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Vincentians back from Gulf of Mexico want their money

Vincentians back from Gulf of Mexico want their money

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Ten Vincentians, who say they were recruited to work with a catering company on an oil rig in the Gulf of Mexico, are calling on the local company which recruited them, to pay them their money.{{more}}

The group of four women and six men told SEARCHLIGHT on Wednesday, September 15, that they had been working with the catering company for periods ranging from one to two years. Six months ago, they came back to St. Vincent, as their visas had expired.

According to the group, they were told that they would receive their pay cheques through the local agency, identified as Ocean Life Ltd., when they returned to St. Vincent. The group claims that to date, no one has been paid.

They told SEARCHLIGHT whenever they called the company, they would be given various answers including: “I have bills to pay”; “Check back next week” or, “I will give you money when I want to give you money”.

Veronique Job said that a week after she returned to St.Vincent, she visited Ocean Life’s office in an attempt to get her money.

“Couple weeks passed and I see like the money was not going in (her bank account), so I keep checking.”

She said the money was never credited to her account, so she called the manager of the company Raphael Quashie who told her to fax ‘the stuff’ to him and she did, but every time she checked back, he told her that she would get the money the following week.

Annoyed, Job called the office in Louisiana about the situation. She said that she was told she and the others should go to a lawyer. Veronique said that a group of them went to a local lawyer who promised to get back to them, but to date, the lawyer has not done so.

The frustrated group said they are owed monthly salaries, bonuses, medical refunds, exemptions and refunds for plane tickets, all of which was laid out and agreed to at the time of recruitment.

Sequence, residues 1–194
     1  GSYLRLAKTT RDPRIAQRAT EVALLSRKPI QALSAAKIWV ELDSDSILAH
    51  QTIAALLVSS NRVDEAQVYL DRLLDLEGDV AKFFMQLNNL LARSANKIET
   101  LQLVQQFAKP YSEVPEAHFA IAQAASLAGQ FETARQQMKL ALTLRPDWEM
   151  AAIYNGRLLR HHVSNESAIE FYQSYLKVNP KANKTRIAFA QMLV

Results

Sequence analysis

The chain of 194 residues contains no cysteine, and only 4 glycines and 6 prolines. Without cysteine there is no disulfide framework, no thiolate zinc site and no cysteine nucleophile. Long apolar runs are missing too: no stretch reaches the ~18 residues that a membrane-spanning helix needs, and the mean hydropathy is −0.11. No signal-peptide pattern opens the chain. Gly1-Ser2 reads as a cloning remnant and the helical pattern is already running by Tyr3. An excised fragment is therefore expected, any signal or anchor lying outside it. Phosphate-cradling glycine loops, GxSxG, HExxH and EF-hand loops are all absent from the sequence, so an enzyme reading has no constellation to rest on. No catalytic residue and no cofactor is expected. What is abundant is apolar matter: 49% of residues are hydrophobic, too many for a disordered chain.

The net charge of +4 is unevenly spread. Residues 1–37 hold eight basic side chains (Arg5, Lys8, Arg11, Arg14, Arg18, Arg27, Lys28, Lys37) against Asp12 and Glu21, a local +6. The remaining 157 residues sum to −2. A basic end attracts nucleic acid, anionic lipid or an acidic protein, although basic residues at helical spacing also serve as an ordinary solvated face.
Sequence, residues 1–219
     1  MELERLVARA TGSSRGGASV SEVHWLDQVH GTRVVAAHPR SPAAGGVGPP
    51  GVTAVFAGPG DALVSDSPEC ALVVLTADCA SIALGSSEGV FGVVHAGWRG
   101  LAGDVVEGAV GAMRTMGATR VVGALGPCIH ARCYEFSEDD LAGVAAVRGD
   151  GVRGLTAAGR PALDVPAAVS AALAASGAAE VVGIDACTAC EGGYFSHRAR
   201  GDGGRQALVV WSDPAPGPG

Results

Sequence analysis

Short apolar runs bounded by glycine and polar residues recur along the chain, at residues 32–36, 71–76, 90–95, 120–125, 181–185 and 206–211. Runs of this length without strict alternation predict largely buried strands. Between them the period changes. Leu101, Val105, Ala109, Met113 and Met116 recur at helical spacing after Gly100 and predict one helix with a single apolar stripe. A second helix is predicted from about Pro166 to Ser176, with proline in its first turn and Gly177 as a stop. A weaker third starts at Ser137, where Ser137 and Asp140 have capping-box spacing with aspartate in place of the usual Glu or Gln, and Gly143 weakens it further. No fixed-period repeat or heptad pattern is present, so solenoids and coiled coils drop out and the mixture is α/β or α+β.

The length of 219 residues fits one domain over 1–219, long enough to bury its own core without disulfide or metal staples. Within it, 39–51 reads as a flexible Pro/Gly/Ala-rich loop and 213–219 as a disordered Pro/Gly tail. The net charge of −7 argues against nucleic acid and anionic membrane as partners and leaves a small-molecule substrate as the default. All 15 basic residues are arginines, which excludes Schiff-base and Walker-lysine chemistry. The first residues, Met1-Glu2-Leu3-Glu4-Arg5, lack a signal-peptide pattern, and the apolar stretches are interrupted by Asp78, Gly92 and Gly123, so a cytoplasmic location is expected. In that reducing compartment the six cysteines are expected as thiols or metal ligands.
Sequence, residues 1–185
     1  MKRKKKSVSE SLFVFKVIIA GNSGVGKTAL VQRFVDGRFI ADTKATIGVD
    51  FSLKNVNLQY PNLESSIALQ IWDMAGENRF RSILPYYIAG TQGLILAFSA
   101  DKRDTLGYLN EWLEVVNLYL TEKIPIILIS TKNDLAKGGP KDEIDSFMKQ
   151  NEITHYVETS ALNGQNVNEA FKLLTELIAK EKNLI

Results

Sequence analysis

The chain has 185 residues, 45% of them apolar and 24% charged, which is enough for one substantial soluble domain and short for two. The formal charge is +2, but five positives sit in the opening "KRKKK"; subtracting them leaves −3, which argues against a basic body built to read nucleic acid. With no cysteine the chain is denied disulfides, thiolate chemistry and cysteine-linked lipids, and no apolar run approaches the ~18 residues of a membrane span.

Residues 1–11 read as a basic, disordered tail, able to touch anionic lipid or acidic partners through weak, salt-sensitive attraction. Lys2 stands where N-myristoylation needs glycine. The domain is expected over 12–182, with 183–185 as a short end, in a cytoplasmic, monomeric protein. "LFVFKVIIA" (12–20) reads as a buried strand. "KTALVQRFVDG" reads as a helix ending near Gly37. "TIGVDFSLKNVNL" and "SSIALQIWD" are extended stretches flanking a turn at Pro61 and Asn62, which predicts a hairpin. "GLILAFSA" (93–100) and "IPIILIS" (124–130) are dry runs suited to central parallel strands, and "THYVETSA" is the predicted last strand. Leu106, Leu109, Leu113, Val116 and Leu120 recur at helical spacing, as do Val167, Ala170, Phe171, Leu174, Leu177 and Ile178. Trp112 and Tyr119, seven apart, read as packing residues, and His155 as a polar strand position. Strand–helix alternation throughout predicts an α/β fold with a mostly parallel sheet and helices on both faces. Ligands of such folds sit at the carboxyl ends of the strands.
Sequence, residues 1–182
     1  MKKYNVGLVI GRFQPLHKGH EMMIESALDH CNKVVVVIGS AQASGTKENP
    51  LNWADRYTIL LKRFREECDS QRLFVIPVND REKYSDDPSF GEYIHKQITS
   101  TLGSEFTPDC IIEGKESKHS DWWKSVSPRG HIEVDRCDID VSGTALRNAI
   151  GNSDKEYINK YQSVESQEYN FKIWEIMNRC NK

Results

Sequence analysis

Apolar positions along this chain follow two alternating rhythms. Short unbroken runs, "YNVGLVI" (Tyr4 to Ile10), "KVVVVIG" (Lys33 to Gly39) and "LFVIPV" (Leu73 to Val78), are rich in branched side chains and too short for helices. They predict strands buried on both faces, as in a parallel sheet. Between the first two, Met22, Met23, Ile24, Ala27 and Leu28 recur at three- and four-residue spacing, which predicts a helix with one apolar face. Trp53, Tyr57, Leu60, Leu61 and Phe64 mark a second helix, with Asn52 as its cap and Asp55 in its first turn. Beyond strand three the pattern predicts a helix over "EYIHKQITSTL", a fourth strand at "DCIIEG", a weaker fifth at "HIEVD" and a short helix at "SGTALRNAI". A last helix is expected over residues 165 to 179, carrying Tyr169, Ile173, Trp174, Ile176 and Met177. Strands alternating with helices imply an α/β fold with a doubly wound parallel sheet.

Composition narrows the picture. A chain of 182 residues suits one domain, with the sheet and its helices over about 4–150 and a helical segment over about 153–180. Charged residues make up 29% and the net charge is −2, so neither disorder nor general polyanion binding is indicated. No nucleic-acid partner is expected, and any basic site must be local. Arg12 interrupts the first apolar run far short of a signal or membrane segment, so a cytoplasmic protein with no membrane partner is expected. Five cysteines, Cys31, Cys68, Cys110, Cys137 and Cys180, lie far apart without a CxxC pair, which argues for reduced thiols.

To add to their frustration, the ten Vincentians said when they tried to renew their visas at the US Embassy, they were all turned down.

The group also claims that the living arrangements made for them in Louisiana were almost unbearable. They say they sometimes woke up to find rats on their beds, and had no access to their passports from the time they entered the country until they were ready to leave.

They said that sometimes they had nothing to eat for a week because they weren’t getting paid, and they would not have made it, had they not been living as a family. They expressed thanks to one ‘Miss Barney’, a complete stranger, who took them in.

According to Michelle Ledger, one of the aggrieved ten, were it not for Miss Barney, “Dogs would’ve been better off than [them].”

When SEARCHLIGHT tried reaching Quashie by phone, all our attempts were unsuccessful.

In the September 11, 2009 edition of SEARCHLIGHT, another ex-employee of the catering company, Augustus Belgrave, accused the company of exploitation, poor treatment of employees and irregularity of payment. On that occasion, we did reach Quashie, who denied all accusations.

Now one year later, ten others say they are in the same situation. The group however is adamant that they will not give up, as they worked really hard for their money. (DC)

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